News: Specialized Press
European College of Neuropsychopharmacology (ECNO)Congress 2009: the role of genetic factors in adult ADHD
Source: EUROPA PRESS / Date: September 15th 2009 / Category: Specialized Press
At the 22nd Congress of the ECNP in Istanbul, Dr. Barbara Franke (Radboud University Nijmegen Medical Centre, The Netherlands) presents the last discoveries in the identification of risk gens of Attention Deficit and Hyperactivity Disorder (ADHD). Franke stated: "Evidence suggests that the etiology of ADHD has a strong genetic component". The inheritance of ADHD in adults seems higher that in children: while a sibling of a child with ADHD has a 3-4 fold increased risk compared to children of control, this risk is 17 fold for a sibling of an adult ADHD patient. Major breakthroughs are expected from the International Multicenter persistent ADHD Collaboration (IMpACT), which is investigating the largest clinical ADHD sample worldwide.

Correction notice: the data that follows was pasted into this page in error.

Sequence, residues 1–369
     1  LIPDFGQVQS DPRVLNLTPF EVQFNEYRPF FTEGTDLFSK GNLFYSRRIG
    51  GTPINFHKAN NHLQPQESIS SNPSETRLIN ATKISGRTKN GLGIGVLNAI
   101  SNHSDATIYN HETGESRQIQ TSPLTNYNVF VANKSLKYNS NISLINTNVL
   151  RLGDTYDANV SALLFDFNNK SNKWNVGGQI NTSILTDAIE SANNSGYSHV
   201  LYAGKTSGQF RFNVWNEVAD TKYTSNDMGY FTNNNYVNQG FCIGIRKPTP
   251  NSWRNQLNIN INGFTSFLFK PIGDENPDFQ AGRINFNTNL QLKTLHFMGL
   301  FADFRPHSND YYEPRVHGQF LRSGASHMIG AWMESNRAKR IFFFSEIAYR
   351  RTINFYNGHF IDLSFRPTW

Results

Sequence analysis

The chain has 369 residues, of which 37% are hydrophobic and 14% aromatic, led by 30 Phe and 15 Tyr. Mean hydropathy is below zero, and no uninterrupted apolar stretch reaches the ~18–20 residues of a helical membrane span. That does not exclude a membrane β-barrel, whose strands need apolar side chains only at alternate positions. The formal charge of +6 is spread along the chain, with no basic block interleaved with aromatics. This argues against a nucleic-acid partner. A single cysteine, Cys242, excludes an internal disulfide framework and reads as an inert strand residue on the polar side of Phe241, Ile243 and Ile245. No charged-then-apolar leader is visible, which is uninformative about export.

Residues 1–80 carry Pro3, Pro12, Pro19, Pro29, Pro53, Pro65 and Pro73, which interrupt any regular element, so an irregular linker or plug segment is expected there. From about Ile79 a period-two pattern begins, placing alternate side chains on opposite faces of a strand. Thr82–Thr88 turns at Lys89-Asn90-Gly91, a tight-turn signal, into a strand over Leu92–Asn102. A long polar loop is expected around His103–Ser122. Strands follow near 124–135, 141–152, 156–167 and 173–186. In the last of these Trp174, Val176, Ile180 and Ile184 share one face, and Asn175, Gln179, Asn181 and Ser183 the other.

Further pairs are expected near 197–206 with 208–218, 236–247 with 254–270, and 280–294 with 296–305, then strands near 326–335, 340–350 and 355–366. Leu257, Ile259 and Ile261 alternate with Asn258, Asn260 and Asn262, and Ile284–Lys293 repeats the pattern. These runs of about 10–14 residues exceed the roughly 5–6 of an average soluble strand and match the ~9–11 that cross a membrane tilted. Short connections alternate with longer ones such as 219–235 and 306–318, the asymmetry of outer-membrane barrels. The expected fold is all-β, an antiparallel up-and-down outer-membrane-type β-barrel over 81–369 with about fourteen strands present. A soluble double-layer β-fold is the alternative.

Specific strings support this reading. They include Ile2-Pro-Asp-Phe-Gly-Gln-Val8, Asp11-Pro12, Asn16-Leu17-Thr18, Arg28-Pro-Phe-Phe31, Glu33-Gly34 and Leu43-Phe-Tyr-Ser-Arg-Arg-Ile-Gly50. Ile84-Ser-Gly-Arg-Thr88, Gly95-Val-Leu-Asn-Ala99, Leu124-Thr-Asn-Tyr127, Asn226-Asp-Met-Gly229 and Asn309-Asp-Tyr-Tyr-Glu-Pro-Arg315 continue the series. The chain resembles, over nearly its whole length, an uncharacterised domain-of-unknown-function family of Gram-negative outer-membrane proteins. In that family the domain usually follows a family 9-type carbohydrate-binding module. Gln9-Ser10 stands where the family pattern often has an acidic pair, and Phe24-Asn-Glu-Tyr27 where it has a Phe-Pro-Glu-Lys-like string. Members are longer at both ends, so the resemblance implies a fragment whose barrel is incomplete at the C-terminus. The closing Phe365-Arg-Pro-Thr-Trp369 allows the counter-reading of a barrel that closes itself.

Although ADHD has classically been seen a child disease, more than half of the patients carry symptoms into adulthood. The prevalence of ADHD in adults lies between 1% and 4%. Adult patients have difficulties in the social, educational and professional fields, such as developing or maintaining stable social relationships, completing educational programs and holding stable jobs. The expansion of knowledge on genetics, neuroimaging and research on behavior will lead to a better understanding of the causes of ADHD, leading the way to more effective treatments for all age groups, and preventing the progress of the disease in adulthood.
Recently, it has become possible to search for such genes on a genome basis. This approach has offered a first gene for ADHD in children, CDH13, encoding a cell-adhesion gene with a role in early brain development. A preliminary analysis in IMPACT suggests that this gene also plays a role in the adult ADHD.
The identification of genetic risk factors for ADHD will help identify new treatments and will contribute to the early prevention of the disease.